He handed me a tail feather that had fallen, something to remember the day. And we went back inside to drink more tea and to see photos of him around the world with that bird — in Saudi Arabia and England. He posed next to people with falcons, holding his massive Kyrgyz mountain eagle, looking not out of place among people who love to ride horses and hunt, no matter the country. I wondered if they could imagine him here, in this bare sweeping valley surrounded by mountains and sky and the land and traditions of his father and grandfather and great-grandfather.
I went to Kyrgyzstan in the winter. But I could tell from the infrastructure I saw — yurt-filled campgrounds with bathroom instructions in English — that summer is the time to go. The mountain that was hard to climb in winter melts away into a road passable by a four-wheel drive Toyota Sequoia that is the vehicle of choice for guides there.
There are times in life that you have time and times that you have money and those are not always the same. If you have time, Kyrgyzstan has a system of public transportation if you know where you want to go, and locals willing to help you find your way when you arrive in any village. When I arrived in the village of Kyzart on my way to Song Kol lake, the one guest house in town was closed. But I was invited to stay in a home to sleep on the floor in their living room on a rollup mattress. When I returned from my trek in the mountains, they welcomed me back with a meal of beef and liver from a cow killed that morning. And when I asked if there was a place to take a shower, they lit a fire and heated water for the sauna in an outbuilding by the horse stable.
The woman of the house told me she met a Chinese woman traveling on her own who arrived by bus and hiked into the mountains by herself. They communicated through Google Translate on her phone. It’s possible.
Instead, I had more money than time on my two-week vacation.
I arranged everything through James Willcox, co-founder of an adventure company called Untamed Borders. He’s best known as a fixer for journalists and documentary filmmakers, specializing in Afghanistan and Pakistan, the Middle East and East Africa, and Soviet Central Asia. He arranged a driver and everything else I needed for this trip with very little notice. I get the sense that if there’s something you want to do, anywhere in the world, they can make it happen.
After two weeks of hard travel in Kyrgyzstan, I ended the trip with a day of skiing at Karakol. You can rent skis, boots and poles in the town of Karakol, which is a proper tourist town with international food options, mobile PCR tests and hotels with showers. There’s something wonderful about doing something familiar and easy after a couple weeks of being out of your comfort zone. The lifts are metal without cushions, but otherwise you could be in any resort anywhere in the world searching for stashes of powder.
I rode the lift to the top. Two men were in the chair behind me, singing traditional nomad folk songs at the top of their lungs. I didn’t understand the words, but I knew the meaning. It was an epic poem set to music, passed down from generation to generation telling the story of long journeys, heroes on horseback riding forever into the mountains.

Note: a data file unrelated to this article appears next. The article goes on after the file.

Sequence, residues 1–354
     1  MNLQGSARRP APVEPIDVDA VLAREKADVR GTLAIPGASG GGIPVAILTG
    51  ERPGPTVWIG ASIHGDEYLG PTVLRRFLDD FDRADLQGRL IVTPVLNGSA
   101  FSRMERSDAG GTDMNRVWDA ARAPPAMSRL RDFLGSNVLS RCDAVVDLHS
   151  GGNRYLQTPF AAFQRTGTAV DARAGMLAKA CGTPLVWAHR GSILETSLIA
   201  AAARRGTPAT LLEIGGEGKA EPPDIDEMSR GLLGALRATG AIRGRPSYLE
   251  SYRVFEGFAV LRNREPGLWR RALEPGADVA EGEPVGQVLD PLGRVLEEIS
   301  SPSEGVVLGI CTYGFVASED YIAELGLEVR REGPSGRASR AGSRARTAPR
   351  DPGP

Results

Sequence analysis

What to bring
I packed one bag and still had more than I needed. Because you’re outdoors most of the time and sleeping on the floor on futon-like mattresses, I dressed just as I do for camping, with lots of layers. Here’s what I packed:
- Small box of Moon Drops, little tablets to help you sleep and get over jet lag quickly since it’s an 11-hour time difference.
- A pair of Sorel Tofino boots that I bought at Half Moon Outfitters. It felt ridiculous to buy them on a warm day in Charleston, but the aggressive sole, waterproof build, and fur lining kept me dry and warm. They were the best purchase I made for this trip.
- Ski pants, mittens, hat, warm calf-length socks
- Long underwear shirt and leggings — two sets
- Two wool skirts
- Fleece vest
- Down jacket
- Polarized sunglasses
- I brought a water bottle, but ended up buying a bottle of water on my first day and refilling it throughout the whole trip instead. There are mountain springs everywhere with the best water you’ll ever taste.
- Wet wipes. Expect to use outhouses and rarely see a shower outside of the capital city.
- Two handkerchiefs and a small towel
- Portable phone charger. I have a Unitron World UltraSlim Power Bank that’s about the size of credit card, metal and holds enough juice for three full phone charges.
- $100 bills. You can use ATMs to get local currency, but if you go to a money changer they won’t take anything smaller than a $100 bill and those bills need to be in crisp condition.
- Offline version of Google Translate — Russian. There isn’t an offline version of Kyrgyz available, so Russian is your best bet for being able to communicate in the parts of the country that don’t have internet, WiFi or cellphone service. I also printed out some pages of Kyrgyz before I left home and found them helpful.
- Slip-on shoes for wearing inside yurts and homes where you must take your boots off at the door.
- First-aid kit (what I have in my standing kit): Band-Aids, Neosporin, Advil (helps with the altitude), rehydration salts, antacid, antihistamine.
- Paper copy of your negative PCR COVID test (don’t rely on the copy on your phone — you’ll need a hard copy), plus your vaccine and booster cards.